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Enumerations with noncontiguous values

July 29, 2003

Dan_Saks-July 29, 2003

Enumerations with noncontiguous values pose some complications, especially if you want to iterate through them in a loop.

Several of my recent columns have been about using enumeration variables as loop counters.[1,2,3,4] Until now, I've limited the discussion to enumeraton types whose constants have contiguous values. This month, we'll explore the added complications that come from using enumerations that have noncontiguous values.

Defining noncontiguous values
In both C and C++, an enumeration definition specifies a type and a corresponding set of named constants. For example:

enum color
    {
    red, green, blue
    };
typedef enum color color;

defines a type color with three constants named for different colors. I recommend defining a typedef immediately after each enumeration definition to elevate the tag name, in this case color, to a full-fledged type name.

By default, the first enumeration constant in an enumeration definition has the value 0, and each subsequent constant has the value that is one more than the value of the previous constant. Thus, in the prior example, red's value is 0, green's is 1, and blue's is 2. This enumeration type has constants with contiguous values.

You can specify an explicit value for any enumeration constant. Any enumeration constant without an explicitly specified value has the value one more than the value of the previous constant.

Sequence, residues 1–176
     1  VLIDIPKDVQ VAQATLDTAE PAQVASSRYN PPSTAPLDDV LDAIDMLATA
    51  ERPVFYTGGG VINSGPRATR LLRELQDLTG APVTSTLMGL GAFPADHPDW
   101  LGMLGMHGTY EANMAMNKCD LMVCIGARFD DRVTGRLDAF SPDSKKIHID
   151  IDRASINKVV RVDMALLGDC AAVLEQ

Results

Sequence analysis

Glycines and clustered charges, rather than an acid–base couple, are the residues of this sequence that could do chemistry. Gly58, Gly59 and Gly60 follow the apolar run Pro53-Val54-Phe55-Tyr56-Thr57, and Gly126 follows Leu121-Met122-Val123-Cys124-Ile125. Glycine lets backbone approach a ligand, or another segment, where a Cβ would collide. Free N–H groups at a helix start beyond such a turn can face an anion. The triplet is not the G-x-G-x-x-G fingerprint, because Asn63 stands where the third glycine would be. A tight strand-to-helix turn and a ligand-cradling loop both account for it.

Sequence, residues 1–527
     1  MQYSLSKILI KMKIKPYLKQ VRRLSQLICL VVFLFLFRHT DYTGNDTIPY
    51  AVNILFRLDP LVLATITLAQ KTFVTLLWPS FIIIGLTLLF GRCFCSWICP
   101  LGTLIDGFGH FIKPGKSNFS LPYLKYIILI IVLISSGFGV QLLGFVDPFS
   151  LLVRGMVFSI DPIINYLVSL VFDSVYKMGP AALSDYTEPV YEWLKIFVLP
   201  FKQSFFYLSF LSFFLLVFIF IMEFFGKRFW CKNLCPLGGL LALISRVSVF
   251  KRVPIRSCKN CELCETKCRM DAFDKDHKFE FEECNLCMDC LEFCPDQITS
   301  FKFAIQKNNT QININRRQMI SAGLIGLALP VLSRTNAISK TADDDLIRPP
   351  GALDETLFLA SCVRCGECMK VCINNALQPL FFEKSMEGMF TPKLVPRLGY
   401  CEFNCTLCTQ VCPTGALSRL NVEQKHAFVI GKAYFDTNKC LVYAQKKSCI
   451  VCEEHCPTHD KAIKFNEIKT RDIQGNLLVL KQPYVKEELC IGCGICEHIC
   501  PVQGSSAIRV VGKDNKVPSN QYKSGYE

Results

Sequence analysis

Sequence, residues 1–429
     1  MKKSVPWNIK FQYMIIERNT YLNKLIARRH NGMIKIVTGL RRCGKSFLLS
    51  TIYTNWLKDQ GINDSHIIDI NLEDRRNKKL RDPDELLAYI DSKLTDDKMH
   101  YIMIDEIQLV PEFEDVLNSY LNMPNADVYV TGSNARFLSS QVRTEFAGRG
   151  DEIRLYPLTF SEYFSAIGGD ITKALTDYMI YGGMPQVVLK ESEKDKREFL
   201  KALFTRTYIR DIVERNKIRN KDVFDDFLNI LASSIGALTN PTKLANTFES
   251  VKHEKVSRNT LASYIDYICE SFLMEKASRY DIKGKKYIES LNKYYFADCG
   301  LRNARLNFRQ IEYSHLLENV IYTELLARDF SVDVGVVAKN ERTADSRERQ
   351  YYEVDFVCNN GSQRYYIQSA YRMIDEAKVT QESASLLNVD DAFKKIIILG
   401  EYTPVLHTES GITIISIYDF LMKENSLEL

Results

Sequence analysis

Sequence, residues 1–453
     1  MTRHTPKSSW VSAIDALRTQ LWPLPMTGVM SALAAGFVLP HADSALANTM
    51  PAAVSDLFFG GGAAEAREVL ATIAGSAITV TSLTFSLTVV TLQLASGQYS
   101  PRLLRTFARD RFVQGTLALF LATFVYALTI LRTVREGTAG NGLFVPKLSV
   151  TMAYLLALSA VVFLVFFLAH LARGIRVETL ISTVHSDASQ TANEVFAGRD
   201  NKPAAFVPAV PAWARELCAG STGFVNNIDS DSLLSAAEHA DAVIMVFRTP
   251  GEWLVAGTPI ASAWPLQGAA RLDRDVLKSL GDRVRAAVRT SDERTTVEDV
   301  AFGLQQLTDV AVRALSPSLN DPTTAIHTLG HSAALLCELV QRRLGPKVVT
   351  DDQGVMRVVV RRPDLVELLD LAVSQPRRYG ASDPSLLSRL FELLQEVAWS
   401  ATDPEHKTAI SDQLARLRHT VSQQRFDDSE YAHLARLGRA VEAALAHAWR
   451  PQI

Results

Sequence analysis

Thus:

enum color
    {
    red = 1, green, blue = 4
    };

defines red's value as 1, green's as 2, and blue's as 4. The gap between the values of green and blue means the enumeration type has constants with noncontiguous values.

Blinking lights
One common use for enumerations with noncontiguous values is to represent individual bits in a hardware register.

For example, the ARM Evaluator-7T is a single board computer built around a Samsung KS32C50100 processor and a small assortment of I/O devices. The Samsung processor uses memory-mapped device addressing. That is, programs communicate with devices by reading from and writing to "special registers" that can be accessed through ordinary data pointers.

Among the output devices on the board is a row of four surface-mounted LEDs. The LEDs are numbered from 1 on the left to 4 on the right. LEDs 1 and 4 are green. LED 2 is orange and 3 is amber.

You can turn the individual LEDs on and off by setting and clearing bits in a special register called IOPDATA residing at address 0x03FF5008. In both C and C++, you can define IOPDATA as a macro:

typedef unsigned int word;

#define IOPDATA \
    (*(word volatile *)(0x3FF5008))

You can define memory-mapped objects in other ways, some more elegant than this macro, but I'll save that discussion for another day. For now, the macro is sufficient.

Table 1: Attributes of the LEDs

LED # Position Color Bit #
1 left green 7
2 inside left orange 6
3 inside right amber 5
4 right green 4

Each LED corresponds to a single bit in IOPDATA, as shown in Table 1. The Samsung processor literature numbers the bits in a word so that the least-significant (rightmost) bit is zero.

You can turn an LED on by setting its corresponding bit in IOPDATA. Thus, executing: